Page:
According to CNBC, Mark Zuckerberg might be planning a run for president in 2020! People like me and Facebook pages like ours with a lot of followers and a lot of “influence” according to them, already get blocked for not leaning politically left. Just imagine how bad it will be when he needs to silence his political opponents! Precisely why we’ve built this alternative to Facebook website! JOIN if you haven’t already and engage below! – More signs point to Mark Zuckerberg possibly running for president in 2020.

There’s increasing speculation that Mark Zuckerberg, the self-made billionaire chairman, co-founder and chief executive officer of Facebook, may one day run for office. And though it’s unclear that he will make a bid for to be the next U.S. President in 2020, he could certainly afford it.
The clues

According to Politico, some of the signs that he does plan to run are there.

Zuckerberg and his wife Priscilla Chan have hired Joel Benenson, a Democratic pollster, adviser to former President Barack Obama and chief strategist of Hillary Clinton’s 2016 presidential campaign, as a consultant for their joint philanthropic project, the Chan Zuckerberg Initiative.

The pair also hired David Plouffe, campaign manager for Obama’s 2008 presidential run; Amy Dudley, former communications adviser for Sen. Tim Kaine, D-Va.; and Ken Mehlman, who directed President George W. Bush’s 2004 re-election campaign.

Zuckerberg is on a yearlong “listening tour,” where he is traveling to all 50 states and meeting with leaders and constituents in each — and, to document the trip, he has hired Charles Ommanney, a photographer for both the Bush and Obama presidential campaigns.

The denials

Zuckerberg denies that he has presidential aspirations. He wrote in a May 21 Facebook post, “Some of you have asked if this challenge means I’m running for public office. I’m not.” He said the same thing to BuzzFeed News in January.

But it sure looks like he might be. And he wouldn’t be the first politician to try to mislead the public.
The costs

If he does run, it would cost only about one percent of his net worth to match the amount spent on Hillary Clinton’s presidential bid of 2016, which some predicted at the time would be the most expensive ever.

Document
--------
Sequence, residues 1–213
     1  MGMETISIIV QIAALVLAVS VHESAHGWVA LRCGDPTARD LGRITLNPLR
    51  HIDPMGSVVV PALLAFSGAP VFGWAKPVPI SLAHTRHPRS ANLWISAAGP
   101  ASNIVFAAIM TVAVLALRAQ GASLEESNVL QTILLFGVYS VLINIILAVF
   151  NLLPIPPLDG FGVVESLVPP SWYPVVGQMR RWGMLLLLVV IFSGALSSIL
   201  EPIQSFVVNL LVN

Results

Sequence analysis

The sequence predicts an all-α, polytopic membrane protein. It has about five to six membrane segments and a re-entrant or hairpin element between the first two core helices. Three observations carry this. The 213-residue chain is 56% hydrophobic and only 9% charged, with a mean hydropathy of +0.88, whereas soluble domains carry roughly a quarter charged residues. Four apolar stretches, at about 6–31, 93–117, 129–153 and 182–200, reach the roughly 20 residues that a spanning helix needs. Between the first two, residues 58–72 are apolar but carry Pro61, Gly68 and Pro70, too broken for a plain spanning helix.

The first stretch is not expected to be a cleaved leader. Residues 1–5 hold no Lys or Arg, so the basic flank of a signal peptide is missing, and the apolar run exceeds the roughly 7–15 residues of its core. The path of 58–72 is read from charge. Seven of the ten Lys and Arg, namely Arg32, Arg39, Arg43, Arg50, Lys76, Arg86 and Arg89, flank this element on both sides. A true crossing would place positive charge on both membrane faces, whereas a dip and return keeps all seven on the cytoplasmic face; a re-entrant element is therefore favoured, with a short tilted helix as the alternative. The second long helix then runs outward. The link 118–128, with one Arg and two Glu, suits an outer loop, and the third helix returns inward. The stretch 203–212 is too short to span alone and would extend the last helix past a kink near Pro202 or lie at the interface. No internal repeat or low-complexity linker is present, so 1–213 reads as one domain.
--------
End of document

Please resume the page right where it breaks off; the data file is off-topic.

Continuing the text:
Overall, the bill for last year’s presidential and congressional elections came to a record $6.5 billion, according to the Center for Responsive Politics. The presidential race alone cost $2.4 billion. Of that, Clinton’s campaign spent $768 million and Donald Trump’s spent $398 million.

Zuckerberg’s net worth, made mostly through Facebook, is $71 billion as of Aug. 14, according to Forbes. That makes him one of the richest people in the world.

It’s hard to know exactly how much a presidential campaign could cost Zuckerberg. That would depend on how much he would shell out himself and how much he could collect from super PAC contributions and donations from supporters, as well as the price of advertising, travel, housing and staffing. However, the 2016 race could provide a template.

Deadlines vary by state on when a presidential candidate must declare their candidacy, but there are 1,175 days until ballots are cast in 2020, and according to CNBC calculations, Zuckerberg, so far, has made $4.4 million for every day he’s been alive.

The issues

He hasn’t revealed any kind of political platform, but the CEO has spoken in favor of a universal basic income.

The idea, whichZuckerberg discussed in Alaska during his listening tour, would guarantee citizens a set income regardless of age, class, job status and other criteria.

Supporters of the idea, like Elon Musk, say a basic income could be especially necessary as automation could replace lower-skilled jobs. Critics, however, say it does not address larger economic issues and, regardless, would be impossible to institute on a grand scale.

Zuckerberg also raised the idea during his May 25 Harvard commencement speech. “We should have a society that measures progress not just by economic metrics like [gross domestic product], but by how many of us have a role we find meaningful,” Zuckerberg told graduates. “We should explore ideas like universal basic income to give everyone a cushion to try new things.”